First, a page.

Published on December 30th, 2006 | by Chris1
Red Dawn (1984)
Ah the eighties... The height (well, maybe the second peak...) of cold-war paranoia and anti-Soviet-isms. One of the prime examples of 80's Anti-Red movies is '84's Red Dawn.
Now lets just excuse the near tactical impossiblity of the Soviets landing ground troops as far inland as Colorado. Just for a moment. The official explanation is that in this "universe" Mexico fell to the red menace during a Cuba-like revolution along with most of Central America, and they were able to enter from the south, later bringing troops across into Alaska and down through Canada. In the words of Bill Cosby, "riiiiiiigggghtt!" Of course at the time we were led to believe in the might of the Soviet military, but in retrospect it kind of looks rather silly, doesn't it?
As they land at the (supposedly) strategically important town of Calumet City Colorado, a band of high school students led by Patrick Swayze and Charlie Sheen escape into the mountains, and exist off the supplies they took with them and what they're able to hunt. They later venture back into town and then to a family friends house, where they pick up their female companions played by Jennifer Gray and Lea Thompson. During the venture into town again to the concentration-camp like location (the local drive-in) where a number of "persons of interest" (to use a current phrase) are held, including their dad who delivers a typically 80's gung-ho speech as they tearfully run back to the hills.
They start their "insurgency" by offing a comical trio of Russki officers on a sightseeing mission, and with the taste of blood in their mouths begin striking supply brigades and other targets of opportunity.
Eventually a downed F-15 pilot joins them in their adventure (um, no rescue mission? No "Hey I need to get back"?) and is lost along with one of their comrades as they're pinned down in some mountain-bound tank warfare action.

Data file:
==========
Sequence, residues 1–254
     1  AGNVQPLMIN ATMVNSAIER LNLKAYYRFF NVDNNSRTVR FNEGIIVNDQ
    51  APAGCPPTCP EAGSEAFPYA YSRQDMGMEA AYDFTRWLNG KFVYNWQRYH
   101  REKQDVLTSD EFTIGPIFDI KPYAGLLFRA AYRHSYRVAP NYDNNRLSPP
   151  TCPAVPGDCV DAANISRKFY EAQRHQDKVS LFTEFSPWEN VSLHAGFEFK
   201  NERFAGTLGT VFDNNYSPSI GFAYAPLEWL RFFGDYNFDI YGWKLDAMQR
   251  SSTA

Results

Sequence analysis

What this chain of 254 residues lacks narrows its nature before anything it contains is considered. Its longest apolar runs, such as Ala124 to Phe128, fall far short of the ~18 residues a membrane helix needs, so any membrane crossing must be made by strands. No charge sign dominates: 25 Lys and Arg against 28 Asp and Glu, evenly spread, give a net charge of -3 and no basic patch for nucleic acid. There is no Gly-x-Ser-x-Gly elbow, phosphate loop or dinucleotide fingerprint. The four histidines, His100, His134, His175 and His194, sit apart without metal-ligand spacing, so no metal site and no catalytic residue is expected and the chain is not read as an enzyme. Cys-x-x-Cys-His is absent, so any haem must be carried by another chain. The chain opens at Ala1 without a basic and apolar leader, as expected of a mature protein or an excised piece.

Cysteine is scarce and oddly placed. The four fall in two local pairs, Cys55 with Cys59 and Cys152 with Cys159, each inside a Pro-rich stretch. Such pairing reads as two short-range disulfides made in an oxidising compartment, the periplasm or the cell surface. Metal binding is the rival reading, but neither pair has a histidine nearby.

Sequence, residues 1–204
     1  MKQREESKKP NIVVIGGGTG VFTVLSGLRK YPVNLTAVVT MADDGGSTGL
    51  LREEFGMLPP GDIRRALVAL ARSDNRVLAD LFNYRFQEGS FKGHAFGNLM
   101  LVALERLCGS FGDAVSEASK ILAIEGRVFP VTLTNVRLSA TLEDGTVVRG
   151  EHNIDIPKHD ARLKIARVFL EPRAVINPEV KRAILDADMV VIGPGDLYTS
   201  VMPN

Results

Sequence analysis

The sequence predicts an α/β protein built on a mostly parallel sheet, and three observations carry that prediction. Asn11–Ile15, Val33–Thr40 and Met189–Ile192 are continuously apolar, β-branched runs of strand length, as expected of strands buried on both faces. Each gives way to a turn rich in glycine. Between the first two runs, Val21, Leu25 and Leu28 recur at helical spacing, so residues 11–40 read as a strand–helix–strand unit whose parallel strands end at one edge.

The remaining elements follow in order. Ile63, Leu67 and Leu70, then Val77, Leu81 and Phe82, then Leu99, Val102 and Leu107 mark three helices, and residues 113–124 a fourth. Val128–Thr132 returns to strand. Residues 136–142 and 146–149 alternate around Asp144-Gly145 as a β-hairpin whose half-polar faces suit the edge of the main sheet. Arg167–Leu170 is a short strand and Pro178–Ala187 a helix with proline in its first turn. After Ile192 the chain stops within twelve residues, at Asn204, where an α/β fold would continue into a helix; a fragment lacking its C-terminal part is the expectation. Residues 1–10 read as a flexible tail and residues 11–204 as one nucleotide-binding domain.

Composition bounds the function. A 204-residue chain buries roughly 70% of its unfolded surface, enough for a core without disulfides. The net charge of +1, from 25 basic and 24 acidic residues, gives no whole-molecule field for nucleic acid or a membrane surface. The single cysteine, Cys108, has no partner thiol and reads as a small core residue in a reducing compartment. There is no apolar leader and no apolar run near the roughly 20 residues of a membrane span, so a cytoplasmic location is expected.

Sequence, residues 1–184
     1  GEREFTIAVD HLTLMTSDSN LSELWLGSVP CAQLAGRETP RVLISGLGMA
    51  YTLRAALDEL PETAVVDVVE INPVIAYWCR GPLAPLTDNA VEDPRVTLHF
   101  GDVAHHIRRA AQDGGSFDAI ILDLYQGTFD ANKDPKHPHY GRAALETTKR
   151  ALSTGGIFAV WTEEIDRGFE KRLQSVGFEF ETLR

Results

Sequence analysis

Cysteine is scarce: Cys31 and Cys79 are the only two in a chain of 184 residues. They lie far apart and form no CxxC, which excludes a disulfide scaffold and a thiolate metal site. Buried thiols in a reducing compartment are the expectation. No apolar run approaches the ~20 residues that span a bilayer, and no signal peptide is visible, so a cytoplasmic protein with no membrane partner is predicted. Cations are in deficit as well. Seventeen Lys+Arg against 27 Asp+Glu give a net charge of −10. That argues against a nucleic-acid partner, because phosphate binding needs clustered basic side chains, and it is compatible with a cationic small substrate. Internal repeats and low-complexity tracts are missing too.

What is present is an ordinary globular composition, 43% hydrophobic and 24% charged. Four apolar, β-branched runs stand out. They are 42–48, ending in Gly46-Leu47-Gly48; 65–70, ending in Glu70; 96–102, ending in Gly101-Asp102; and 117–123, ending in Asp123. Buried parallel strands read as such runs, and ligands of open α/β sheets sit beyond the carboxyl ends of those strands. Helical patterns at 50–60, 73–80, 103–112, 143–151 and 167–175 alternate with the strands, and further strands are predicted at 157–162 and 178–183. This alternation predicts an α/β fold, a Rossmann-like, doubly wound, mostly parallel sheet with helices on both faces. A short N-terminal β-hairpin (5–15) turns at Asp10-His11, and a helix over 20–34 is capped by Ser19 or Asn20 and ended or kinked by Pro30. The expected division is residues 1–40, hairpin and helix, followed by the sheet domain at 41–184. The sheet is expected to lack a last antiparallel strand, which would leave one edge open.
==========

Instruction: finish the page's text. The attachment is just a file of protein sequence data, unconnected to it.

Fed up with the increasing effectiveness of this band of rebels, the Soviets send a "specialist" to mount the hunt for our heroes. One of their buds has given them up, and the hunt is on. Eventually the villain sends three helicopter gunships out after them, and succeeds in taking out two more. On the verge of giving up, they send two of their band off towards "Free America" and mount one last mission against a supply depot. It goes terribly wrong, and Charlie Sheen's character is mortally wounded. They escape only by the grace of the "tired of war" Mexican (Cuban? or ?) commander who just lets them pass.
Again, lets just assume that these Soviet ground forces seemingly don't run recon patrols (either on the ground or the air) and our merry band is able to get away with this. Run with it here! There's a *lot* of suspension-of-disbelief that has to happen here, and if you do that, its actually not a *bad* movie. I wouldn't call it good, though. Compared to other films of the era (Rambo, Missing in Action, etc.) it actually comes across a little more plausible and not quite as "A-Team"-ish.
All in all I'd recommend it if you've never seen it, just to say that you have. But that's as far as I'm going with it. A lot of pro-America, anti-Red stuff going on, and a lot of AK-action, but not much else of substance.
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Summary: A romp through "What if" land that ultimately isn't all that great, unless you happened to be around in the 80's. Then its kind of a fun throwback. Starring Patrick Swayze, Jennifer Grey, Charlie Sheen, Lea Thompson, C. Thomas Howell.